(New York) U.S. bank First Republic collapsed on Wall Street on Tuesday as investors worried about the company’s future as customers withdrew more than $100 billion in deposits in the first quarter.

The stock ended Tuesday down 49% on the New York Stock Exchange after being suspended several times during the session, in the wake of the publication of its financial results on Monday evening.

It is down more than 90% compared to the start of the year.

The bank found itself in the spotlight in mid-March, when the authorities and other financial institutions came to its rescue to prevent it from experiencing the same fate as Silicon Valley Bank and Signature Bank, namely the bankruptcy.

First Republic assured that withdrawals from its customers had stabilized since the end of March, that it planned to cut its expenses by laying off up to a quarter of its workforce and that it would limit the sums it lends.

But the management did not give many details, deciding not to answer questions from analysts as is usually the case on the occasion of the publication of quarterly results.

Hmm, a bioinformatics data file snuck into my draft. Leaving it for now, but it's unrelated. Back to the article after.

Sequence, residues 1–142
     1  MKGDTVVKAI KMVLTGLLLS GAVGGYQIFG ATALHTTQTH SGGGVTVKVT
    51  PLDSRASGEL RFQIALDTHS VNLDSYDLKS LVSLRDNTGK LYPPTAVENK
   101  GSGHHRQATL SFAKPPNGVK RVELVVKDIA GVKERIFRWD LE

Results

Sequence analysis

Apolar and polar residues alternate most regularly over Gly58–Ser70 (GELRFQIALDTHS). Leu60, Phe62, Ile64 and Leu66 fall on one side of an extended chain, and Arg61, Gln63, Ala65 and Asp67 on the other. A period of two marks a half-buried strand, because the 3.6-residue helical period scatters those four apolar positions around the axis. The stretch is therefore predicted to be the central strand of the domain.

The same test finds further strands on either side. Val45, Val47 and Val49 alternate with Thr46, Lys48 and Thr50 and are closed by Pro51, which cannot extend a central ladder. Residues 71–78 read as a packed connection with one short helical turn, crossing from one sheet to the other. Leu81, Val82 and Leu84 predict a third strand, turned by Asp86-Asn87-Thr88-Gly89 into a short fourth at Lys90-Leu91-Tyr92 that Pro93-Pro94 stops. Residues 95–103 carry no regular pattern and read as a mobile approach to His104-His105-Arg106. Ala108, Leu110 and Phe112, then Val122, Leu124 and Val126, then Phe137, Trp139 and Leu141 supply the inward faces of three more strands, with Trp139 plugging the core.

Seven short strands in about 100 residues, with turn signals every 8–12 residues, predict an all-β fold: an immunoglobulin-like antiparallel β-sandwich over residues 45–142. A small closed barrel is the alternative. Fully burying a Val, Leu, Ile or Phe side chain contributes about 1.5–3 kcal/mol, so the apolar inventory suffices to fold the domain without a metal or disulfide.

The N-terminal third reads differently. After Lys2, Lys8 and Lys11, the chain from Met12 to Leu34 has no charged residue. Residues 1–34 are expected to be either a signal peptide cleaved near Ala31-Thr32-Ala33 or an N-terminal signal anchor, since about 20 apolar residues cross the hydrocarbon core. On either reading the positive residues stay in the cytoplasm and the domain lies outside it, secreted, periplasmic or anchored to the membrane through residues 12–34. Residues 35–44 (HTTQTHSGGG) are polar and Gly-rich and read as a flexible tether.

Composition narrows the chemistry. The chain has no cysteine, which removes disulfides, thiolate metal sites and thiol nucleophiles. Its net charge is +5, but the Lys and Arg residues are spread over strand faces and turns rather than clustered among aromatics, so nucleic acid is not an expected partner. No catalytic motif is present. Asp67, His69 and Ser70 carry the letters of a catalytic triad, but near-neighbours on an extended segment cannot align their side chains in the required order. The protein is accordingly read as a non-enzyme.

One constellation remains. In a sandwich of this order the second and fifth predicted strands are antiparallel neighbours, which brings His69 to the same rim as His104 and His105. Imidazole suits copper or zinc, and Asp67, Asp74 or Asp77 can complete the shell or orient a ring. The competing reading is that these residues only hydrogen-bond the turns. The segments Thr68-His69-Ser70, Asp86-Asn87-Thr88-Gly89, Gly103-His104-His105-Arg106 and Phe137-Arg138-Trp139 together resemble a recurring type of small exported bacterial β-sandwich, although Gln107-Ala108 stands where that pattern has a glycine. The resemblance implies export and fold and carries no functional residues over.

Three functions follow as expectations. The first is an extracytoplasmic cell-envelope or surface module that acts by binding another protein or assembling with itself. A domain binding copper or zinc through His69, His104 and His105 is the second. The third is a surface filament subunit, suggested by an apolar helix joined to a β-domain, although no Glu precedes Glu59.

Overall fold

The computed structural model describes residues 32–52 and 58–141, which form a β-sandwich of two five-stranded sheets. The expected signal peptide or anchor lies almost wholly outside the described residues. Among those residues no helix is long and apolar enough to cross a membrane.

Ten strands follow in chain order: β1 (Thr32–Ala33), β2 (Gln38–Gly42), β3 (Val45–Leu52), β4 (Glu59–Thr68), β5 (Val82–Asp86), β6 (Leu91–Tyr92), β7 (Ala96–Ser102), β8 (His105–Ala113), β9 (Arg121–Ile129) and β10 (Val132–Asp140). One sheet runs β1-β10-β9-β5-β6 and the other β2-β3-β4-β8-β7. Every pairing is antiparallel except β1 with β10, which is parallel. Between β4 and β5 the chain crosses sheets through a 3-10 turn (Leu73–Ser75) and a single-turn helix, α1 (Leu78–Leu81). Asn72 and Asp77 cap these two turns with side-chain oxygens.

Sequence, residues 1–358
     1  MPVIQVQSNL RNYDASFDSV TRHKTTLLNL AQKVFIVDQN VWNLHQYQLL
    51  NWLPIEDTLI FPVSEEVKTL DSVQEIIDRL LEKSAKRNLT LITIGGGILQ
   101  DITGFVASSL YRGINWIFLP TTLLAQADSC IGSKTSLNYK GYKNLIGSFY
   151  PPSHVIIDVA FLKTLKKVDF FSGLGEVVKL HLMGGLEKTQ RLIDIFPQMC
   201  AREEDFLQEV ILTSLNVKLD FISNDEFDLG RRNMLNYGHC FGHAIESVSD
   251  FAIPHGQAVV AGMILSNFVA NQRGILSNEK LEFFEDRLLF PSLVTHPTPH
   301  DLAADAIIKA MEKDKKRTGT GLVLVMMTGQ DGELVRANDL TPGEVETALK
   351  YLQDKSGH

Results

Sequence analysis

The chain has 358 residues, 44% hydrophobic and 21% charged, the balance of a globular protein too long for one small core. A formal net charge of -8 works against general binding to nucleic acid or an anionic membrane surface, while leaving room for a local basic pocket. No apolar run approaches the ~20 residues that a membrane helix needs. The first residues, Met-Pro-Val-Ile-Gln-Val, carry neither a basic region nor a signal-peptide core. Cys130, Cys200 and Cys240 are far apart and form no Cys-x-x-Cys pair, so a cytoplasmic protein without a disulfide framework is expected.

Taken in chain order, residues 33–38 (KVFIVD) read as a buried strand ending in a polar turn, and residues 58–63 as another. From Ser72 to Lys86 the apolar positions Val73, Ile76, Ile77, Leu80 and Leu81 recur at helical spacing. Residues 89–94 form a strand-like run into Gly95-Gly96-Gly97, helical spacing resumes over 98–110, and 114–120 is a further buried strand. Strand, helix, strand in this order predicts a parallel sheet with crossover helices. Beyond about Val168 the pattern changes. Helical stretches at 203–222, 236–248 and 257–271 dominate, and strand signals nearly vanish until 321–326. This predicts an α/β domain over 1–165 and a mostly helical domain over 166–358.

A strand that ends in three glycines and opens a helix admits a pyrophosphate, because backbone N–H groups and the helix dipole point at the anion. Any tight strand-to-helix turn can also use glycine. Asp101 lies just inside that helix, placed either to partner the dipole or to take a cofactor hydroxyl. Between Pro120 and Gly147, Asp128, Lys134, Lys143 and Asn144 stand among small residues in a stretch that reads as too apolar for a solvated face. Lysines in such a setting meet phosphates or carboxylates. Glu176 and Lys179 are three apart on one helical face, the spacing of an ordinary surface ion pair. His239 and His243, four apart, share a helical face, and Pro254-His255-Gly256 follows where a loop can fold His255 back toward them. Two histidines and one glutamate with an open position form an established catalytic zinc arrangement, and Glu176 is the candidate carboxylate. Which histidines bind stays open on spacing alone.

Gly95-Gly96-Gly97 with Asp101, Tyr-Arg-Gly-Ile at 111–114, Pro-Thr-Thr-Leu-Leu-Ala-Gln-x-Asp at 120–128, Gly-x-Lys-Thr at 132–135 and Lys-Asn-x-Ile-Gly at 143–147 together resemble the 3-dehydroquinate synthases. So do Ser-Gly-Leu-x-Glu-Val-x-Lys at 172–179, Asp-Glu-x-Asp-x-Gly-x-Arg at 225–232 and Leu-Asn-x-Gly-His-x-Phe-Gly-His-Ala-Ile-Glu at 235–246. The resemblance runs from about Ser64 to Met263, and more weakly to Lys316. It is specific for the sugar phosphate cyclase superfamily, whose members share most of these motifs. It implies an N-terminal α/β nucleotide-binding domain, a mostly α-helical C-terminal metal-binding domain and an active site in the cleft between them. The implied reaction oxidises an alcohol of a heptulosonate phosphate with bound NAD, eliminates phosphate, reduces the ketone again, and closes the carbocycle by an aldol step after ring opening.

Its managing director simply indicated that in addition to measures to strengthen its financial health, the bank was studying “strategic options”.

According to the Financial Times, which relies on sources familiar with the situation, White House, central bank and Treasury officials are talking to First Republic.

The bank would like the government to “bring together the relevant parties to find a solution,” a source close to the establishment told the business daily.

“We don’t see an easy way out for the bank and we still believe there is a significant likelihood that little will remain for shareholders once the situation clears up,” a note noted. Eric Compton of Morningstar.

In the current situation, with the balance sheet as it is, “we don’t think First Republic will be profitable going forward,” he said.